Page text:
As a response to the Uvalde massacre, expanding background checks was a non sequitur. The shooter, who was also killed during the attack, legally bought the Daniel Defense DDM4 V7 rifle he used from a federally licensed dealer, which means he did not have a disqualifying criminal or psychiatric record. That was also true of the man charged in the Buffalo case, and it is typically true of mass shooters. According to a 2022 National Institute of Justice (NIJ) report on mass public shootings from 1966 through 2019, 77 percent of the perpetrators purchased guns legally, while just 13 percent obtained them through illegal transactions.

Even for the small minority of mass shooters who have disqualifying records, an expanded federal background-check requirement would not pose much of an obstacle. Data from states with similar rules, which in practice require that all firearm sales be completed via licensed dealers, indicate that gun owners generally do not comply with that edict. "Universal background checks" are universal only in theory.

Bans on so-called assault weapons likewise cannot reasonably be expected to have a meaningful impact on mass shootings. Such laws define the category based on functionally unimportant characteristics.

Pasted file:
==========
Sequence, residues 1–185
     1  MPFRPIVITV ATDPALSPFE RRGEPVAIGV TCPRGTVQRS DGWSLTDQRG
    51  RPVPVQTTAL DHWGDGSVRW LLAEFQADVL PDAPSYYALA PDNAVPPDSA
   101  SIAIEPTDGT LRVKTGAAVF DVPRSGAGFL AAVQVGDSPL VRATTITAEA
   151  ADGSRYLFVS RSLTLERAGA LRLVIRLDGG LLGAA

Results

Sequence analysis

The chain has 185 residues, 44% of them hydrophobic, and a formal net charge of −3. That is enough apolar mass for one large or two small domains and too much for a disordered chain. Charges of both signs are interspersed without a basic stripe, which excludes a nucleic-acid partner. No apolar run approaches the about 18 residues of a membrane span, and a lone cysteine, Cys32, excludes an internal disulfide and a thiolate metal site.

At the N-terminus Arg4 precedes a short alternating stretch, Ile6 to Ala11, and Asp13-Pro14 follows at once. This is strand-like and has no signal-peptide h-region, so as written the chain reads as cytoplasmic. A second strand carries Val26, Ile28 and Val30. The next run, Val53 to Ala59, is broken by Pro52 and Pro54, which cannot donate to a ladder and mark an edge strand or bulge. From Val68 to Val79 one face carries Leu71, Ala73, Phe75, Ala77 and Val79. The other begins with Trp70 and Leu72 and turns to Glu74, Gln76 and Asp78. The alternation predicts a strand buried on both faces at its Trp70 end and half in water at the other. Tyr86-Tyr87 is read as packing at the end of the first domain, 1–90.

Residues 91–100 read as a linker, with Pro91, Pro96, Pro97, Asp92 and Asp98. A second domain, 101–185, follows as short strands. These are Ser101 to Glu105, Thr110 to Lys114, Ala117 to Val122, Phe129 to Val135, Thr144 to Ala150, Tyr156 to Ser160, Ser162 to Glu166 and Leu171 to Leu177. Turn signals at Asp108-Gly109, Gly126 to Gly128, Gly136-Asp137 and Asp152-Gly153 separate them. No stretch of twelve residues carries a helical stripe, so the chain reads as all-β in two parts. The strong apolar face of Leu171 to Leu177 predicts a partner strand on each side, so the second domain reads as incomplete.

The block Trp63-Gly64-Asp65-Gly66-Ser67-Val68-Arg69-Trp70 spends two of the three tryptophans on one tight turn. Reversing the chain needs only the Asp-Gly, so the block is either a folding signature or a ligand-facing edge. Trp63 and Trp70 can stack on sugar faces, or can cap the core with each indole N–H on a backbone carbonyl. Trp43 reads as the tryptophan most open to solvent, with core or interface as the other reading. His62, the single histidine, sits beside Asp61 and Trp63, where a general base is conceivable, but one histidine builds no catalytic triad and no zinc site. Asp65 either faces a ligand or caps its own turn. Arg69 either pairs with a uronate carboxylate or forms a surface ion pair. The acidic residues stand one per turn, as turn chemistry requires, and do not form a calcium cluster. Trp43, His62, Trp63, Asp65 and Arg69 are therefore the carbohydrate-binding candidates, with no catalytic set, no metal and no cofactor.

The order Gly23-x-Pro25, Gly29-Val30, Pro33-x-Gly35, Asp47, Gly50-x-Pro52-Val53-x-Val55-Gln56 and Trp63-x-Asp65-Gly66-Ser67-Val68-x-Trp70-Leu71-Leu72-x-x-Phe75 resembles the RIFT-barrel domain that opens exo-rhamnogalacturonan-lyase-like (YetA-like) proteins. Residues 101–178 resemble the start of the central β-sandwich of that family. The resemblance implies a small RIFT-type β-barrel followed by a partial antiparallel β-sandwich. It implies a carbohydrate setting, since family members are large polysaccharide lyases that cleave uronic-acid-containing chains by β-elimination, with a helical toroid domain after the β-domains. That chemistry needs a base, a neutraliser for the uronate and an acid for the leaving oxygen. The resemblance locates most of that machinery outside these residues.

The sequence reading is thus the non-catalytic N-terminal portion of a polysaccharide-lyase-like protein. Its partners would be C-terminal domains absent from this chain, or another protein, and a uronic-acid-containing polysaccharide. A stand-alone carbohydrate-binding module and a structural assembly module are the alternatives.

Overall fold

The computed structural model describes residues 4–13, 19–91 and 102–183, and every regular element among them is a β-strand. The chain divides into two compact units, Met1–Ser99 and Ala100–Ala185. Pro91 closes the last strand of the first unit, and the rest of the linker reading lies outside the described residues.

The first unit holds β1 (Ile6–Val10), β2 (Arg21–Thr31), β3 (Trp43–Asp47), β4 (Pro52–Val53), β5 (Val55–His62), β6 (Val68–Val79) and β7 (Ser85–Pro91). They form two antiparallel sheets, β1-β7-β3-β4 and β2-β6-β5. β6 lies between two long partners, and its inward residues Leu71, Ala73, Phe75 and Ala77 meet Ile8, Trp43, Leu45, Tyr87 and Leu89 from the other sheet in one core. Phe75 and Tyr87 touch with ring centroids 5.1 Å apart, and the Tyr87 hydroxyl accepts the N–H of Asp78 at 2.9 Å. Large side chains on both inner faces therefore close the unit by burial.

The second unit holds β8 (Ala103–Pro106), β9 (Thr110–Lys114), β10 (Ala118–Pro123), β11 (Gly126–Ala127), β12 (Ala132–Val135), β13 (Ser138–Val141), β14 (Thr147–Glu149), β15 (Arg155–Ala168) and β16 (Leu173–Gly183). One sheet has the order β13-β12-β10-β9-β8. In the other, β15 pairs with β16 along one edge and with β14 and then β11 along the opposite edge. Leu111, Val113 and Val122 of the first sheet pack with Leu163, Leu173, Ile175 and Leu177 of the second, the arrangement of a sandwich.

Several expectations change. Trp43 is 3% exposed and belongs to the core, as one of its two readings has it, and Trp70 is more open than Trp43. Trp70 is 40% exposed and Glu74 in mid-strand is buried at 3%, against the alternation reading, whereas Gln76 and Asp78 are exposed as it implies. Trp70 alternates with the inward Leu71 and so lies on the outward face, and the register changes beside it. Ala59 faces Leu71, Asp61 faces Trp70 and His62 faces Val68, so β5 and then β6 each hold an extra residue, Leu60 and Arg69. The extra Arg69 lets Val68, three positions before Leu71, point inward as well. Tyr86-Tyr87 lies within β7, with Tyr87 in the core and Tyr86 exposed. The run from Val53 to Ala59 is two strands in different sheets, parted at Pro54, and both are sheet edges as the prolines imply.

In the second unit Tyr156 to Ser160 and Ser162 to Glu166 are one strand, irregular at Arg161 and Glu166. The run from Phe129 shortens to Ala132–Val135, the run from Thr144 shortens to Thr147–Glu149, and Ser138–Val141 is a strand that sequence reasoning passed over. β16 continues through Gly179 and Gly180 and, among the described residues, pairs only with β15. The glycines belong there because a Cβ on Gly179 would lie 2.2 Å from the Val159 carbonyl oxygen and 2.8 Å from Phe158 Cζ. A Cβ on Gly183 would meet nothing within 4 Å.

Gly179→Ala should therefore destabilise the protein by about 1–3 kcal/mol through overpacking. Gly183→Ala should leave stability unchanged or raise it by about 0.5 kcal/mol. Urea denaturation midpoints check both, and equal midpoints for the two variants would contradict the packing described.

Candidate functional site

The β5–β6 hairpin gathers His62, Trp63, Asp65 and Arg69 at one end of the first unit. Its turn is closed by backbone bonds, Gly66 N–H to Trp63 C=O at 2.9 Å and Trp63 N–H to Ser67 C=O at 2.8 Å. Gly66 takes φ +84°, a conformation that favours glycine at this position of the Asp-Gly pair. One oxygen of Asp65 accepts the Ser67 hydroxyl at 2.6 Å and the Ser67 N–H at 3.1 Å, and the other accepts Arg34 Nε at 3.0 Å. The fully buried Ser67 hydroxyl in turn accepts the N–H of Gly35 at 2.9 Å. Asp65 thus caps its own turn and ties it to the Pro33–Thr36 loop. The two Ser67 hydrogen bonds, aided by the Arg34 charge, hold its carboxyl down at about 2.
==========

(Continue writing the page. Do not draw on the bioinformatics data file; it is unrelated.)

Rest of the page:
The NIJ study found that 77 percent of mass public shooters used handguns. A quarter of the perpetrators used what the NIJ described as "assault rifles," meaning they had features targeted by the legislation that Biden favors, such as a pistol grip, a folding stock, a threaded barrel, or a barrel shroud.

A gun without those characteristics, such as the "featureless" rifles that remain legal in states that have banned "assault weapons," still fires the same ammunition at the same rate with the same muzzle velocity. The proposed federal ban explicitly exempts the Ruger Mini-14 and the Iver Johnson M1 carbine, for example, as long as they do not have prohibited features such as pistol grips or folding stocks.

According to the online manifesto that police attributed to the Buffalo shooter, the Bushmaster XM-15 rifle he used did not qualify as an "assault weapon" when he bought it, because it had been fitted with a fixed magazine. He easily reversed that modification so the gun could accept detachable magazines, and he reportedly used magazines that exceeded New York's 10-round limit. Although that change had practical implications, other workarounds, such as replacing an adjustable stock with a fixed stock or a pistol grip with a Thordsen grip or a spur grip, allow New Yorkers to legally buy and own AR-15-style rifles like the Bushmaster XM-15 that are functionally identical to prohibited models.